In the time I've had my gps, my phone has needed hundreds of sw updates and app udates, the garmin probably half a dozen at most

"recalculating recalculating" er - operator error or out of date maps, not the hardware.

Bertrand's well balanced post says it all, much more helpful than the one he responded to or the subsequent replies

What was that about workmen blaming their tools?
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  #215  
Old 24 Sep 2014
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All Free ,, TomTom to OSM ,, choose your needs,,,

Remember ,, most of your navigation requirement ,, be it on the bike,, walking ,, cycling,,, cars ,, boats or small plane,, are free. For more details ,, a nominal USD 1 to USD 100 ,, you can travel through most of this small planet,, without getting lost ,, using these tools.

First url mentiones 1,500 camp sites POI, in the world. Free.

Idea is simple,, yes for free,, and yes with out low qualty hardware and software. With out the terrible after service hassle.

Only two years ago , I was travelling with a big 35mm camera ,, a note book ,, two smart phones and two garmins. Only thing that failed me were the garmins.

For the next trip ,, I will be carrying just two smart phones,, one beaten one for the handle bar,,, a good one as a back up, with my passport and credit cards,, inside my money belt.

New apps are keep coming like the Niagara,,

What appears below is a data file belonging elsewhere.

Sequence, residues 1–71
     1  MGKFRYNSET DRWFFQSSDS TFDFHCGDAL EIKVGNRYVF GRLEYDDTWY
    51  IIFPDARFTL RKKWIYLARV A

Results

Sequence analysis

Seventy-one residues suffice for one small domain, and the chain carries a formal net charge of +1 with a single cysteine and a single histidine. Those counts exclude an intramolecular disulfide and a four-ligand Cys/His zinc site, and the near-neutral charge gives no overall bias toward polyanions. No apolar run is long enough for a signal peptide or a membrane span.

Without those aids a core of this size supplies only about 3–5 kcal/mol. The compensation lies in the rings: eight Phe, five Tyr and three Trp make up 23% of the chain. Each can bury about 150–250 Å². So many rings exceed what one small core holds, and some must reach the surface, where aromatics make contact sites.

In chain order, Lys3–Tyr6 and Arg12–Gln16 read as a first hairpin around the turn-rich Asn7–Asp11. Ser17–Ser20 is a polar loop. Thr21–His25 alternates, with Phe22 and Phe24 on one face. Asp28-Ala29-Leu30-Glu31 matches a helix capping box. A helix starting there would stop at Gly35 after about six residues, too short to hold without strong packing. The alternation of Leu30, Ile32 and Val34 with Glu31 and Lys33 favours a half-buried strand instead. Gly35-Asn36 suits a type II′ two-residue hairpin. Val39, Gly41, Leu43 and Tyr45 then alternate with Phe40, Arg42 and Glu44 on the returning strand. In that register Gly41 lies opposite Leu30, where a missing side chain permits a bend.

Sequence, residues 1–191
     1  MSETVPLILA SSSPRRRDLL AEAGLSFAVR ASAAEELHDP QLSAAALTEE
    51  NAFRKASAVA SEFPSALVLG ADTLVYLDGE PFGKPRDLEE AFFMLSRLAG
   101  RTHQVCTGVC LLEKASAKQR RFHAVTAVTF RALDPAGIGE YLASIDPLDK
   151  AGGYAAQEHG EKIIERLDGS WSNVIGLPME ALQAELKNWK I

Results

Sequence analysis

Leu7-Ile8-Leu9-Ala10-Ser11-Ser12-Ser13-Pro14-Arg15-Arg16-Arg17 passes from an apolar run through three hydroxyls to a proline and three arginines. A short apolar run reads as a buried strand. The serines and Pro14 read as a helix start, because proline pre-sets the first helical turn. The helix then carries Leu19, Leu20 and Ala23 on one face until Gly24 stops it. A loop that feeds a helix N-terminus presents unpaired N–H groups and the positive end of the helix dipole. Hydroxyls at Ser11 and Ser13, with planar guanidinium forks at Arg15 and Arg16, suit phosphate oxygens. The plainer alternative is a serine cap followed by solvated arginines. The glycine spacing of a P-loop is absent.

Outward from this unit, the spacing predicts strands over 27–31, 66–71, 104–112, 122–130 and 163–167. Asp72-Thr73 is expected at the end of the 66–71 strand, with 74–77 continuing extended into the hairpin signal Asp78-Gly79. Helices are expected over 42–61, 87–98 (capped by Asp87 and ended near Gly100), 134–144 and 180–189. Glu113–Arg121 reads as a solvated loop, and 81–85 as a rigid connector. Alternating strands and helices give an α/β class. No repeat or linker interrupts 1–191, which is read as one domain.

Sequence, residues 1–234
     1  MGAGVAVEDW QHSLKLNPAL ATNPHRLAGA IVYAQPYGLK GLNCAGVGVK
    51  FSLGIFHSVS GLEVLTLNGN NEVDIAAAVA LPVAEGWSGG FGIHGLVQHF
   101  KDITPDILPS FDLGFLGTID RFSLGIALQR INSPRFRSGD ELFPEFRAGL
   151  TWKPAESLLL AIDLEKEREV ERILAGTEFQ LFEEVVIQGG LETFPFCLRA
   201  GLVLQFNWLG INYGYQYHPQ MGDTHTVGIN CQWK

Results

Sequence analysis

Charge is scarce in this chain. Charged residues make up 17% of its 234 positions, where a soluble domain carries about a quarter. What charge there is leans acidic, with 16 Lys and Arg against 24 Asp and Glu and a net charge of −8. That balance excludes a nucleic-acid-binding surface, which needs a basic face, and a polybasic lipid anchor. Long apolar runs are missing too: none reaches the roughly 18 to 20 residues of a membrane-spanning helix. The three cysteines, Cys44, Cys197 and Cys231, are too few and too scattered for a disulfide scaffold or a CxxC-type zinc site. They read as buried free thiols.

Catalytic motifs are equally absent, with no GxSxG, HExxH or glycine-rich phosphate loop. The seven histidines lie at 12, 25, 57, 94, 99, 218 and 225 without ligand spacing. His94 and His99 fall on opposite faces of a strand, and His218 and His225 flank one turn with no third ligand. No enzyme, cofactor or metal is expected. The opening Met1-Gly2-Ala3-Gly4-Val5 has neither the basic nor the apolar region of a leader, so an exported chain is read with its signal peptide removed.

http://www.horizonsunlimited.com/hub...hone-app-78384

https://play.google.com/store/apps/d...mytracks&hl=en

https://play.google.com/store/apps/d....android&hl=en

Locus Map, Android GPS offline maps for hiking, geocaching

CyclingAbout.com – The Best Apps for GPS Navigation on a Smartphone

https://play.google.com/store/apps/d...avigator&hl=en

https://play.google.com/store/apps/d...apswithme.maps

https://play.google.com/store/apps/d...com.sygic.aura

https://play.google.com/store/apps/d...?id=net.osmand

https://play.google.com/store/apps/d....maverick.lite

https://play.google.com/store/apps/d...ctor.navigator

https://play.google.com/store/apps/d...hme.maps&hl=en

iPhone - Smartphone - TomTom

How to use Google Maps offline mode on iOS, Android - CNET
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  #216  
Old 24 Sep 2014
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Originally Posted by Walkabout View Post